Without a doubt, another highlight from 2022, were the two episodes where Raph invited me on the stream to review some fxhash projects on his stream! Before we get to that, I just want to say what an awesome guy Raph is. The birbsnest discord is one of my favorite little communities on the internet, and is probably the most wholesome group of people that you could possibly find. In a way, joining in every now and then for the weekly streams feels a little like hanging out with a bunch of friends!

I honestly have to say that I was a little bit nervous before each one of the streams. I'm fully aware that I'm just talking to a camera, but there's still that fear of what if I say something dumb, or what if they think my accent is silly. But that feeling went away very quickly once the streams started.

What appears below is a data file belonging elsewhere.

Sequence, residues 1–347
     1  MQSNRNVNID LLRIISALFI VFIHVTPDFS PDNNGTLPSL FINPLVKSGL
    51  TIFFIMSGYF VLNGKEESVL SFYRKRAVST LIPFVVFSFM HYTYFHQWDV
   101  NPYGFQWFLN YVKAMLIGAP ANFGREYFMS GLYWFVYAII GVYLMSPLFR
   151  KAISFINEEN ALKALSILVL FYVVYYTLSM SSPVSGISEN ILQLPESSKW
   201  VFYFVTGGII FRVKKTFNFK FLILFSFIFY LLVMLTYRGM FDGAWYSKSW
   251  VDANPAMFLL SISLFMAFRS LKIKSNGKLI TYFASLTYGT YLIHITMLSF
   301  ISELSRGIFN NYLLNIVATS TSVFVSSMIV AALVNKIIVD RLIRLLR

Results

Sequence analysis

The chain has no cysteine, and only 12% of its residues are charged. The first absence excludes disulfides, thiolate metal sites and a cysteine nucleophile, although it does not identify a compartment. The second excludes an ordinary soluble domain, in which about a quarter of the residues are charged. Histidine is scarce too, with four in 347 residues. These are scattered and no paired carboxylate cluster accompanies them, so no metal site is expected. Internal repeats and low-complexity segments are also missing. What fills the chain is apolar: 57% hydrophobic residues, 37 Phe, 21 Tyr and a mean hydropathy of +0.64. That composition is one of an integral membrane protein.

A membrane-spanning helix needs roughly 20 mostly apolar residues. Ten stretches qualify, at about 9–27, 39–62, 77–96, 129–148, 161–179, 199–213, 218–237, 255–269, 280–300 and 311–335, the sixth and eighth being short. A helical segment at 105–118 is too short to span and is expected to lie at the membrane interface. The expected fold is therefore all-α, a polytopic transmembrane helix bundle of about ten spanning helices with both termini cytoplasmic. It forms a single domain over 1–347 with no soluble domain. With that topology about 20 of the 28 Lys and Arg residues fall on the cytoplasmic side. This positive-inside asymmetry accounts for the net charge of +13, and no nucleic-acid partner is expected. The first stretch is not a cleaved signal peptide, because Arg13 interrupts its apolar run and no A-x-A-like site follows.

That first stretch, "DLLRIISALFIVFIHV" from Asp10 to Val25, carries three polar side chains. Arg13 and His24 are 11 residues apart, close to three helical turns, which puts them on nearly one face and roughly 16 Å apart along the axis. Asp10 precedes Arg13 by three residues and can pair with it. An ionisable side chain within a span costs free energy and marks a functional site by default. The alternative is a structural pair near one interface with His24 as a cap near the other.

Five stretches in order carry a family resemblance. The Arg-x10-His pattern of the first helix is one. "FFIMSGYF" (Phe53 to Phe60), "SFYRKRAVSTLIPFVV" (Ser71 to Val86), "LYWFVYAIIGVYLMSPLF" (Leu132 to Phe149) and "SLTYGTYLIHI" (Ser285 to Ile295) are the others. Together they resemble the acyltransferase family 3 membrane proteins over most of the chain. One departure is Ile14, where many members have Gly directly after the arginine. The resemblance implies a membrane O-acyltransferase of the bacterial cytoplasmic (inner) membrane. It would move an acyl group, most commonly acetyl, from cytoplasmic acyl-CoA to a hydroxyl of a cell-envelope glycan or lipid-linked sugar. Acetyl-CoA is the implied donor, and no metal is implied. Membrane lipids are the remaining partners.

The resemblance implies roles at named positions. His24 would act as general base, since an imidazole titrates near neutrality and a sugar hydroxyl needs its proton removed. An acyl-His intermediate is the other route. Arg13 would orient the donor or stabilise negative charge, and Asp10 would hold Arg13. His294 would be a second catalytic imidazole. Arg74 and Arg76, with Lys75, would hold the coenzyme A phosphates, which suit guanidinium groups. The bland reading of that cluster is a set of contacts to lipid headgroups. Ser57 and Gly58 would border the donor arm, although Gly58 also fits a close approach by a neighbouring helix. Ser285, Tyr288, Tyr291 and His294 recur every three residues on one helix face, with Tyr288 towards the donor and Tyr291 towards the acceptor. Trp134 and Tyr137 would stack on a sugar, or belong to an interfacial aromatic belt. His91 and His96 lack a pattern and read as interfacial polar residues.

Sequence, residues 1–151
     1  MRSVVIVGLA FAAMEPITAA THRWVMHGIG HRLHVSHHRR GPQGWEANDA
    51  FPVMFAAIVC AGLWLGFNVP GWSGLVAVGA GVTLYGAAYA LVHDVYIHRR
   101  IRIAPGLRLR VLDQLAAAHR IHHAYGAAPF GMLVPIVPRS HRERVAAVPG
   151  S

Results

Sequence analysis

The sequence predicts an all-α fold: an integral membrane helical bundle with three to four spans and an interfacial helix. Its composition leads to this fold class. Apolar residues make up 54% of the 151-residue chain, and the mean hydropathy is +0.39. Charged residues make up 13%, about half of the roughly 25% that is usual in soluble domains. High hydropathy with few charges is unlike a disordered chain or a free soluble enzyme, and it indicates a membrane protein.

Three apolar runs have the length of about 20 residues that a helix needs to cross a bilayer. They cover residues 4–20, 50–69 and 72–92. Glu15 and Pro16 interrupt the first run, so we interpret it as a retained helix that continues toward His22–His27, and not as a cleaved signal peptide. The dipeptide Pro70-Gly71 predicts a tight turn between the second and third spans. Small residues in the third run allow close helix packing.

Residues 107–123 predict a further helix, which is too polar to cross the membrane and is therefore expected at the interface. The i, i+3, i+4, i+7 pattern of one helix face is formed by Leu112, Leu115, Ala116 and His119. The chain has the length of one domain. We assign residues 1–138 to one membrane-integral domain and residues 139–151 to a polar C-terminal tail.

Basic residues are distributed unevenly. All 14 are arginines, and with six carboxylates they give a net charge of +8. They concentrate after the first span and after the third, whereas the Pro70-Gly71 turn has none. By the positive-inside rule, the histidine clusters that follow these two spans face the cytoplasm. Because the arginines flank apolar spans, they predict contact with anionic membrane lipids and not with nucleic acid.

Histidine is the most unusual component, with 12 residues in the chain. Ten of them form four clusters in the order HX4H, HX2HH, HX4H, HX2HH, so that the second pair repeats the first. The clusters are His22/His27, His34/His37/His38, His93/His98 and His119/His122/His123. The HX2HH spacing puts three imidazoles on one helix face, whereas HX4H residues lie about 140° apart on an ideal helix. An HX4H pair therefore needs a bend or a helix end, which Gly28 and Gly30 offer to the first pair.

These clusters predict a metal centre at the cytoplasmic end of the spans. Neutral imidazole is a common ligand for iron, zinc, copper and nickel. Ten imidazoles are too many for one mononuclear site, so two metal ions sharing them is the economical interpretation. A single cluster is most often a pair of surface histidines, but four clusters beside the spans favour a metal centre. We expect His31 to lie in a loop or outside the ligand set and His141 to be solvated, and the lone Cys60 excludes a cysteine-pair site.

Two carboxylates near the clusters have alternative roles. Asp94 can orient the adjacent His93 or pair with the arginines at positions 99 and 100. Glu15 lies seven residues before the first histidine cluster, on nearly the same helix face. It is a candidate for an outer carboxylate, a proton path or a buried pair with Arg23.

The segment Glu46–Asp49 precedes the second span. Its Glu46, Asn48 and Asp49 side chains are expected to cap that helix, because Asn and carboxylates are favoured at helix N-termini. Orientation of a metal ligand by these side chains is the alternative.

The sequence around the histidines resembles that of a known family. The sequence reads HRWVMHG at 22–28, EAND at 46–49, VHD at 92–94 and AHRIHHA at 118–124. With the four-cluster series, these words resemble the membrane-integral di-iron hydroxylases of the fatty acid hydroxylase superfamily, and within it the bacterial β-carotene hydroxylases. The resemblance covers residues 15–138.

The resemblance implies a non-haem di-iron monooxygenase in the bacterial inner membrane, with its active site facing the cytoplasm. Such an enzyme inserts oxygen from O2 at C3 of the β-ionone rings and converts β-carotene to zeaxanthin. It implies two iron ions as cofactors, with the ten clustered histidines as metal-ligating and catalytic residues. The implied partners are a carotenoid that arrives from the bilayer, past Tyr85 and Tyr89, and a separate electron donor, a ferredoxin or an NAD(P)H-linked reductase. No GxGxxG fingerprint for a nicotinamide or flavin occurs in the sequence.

Another difficulty was preparing the projects for the review: I discovered that reading code is definitely not one of my strong suits, and is something that I have to really work on in the future. It was a little bit easier in the pilot episode, since we had picked some projects from the early era of fxhash where projects weren't as elaborate as they are now (well, zancan's code was quite beefy). In the meantime fxhash kept growing as the biggest generative art blockchain NFT marketplace. That meant that projects have become more elaborate and much more intricate (imo). Naturally, newer projects will have to rise up to that challenge to be able to compete and stand out. The second time around, it was more difficult to dissect the projects and dig into the code, all while trying to not get too  nerdy about the technicalities, making for an interesting challenge. I can say however, that I really learned a lot from these two 'etudes' of trying to read and understand other folks' generative art projects.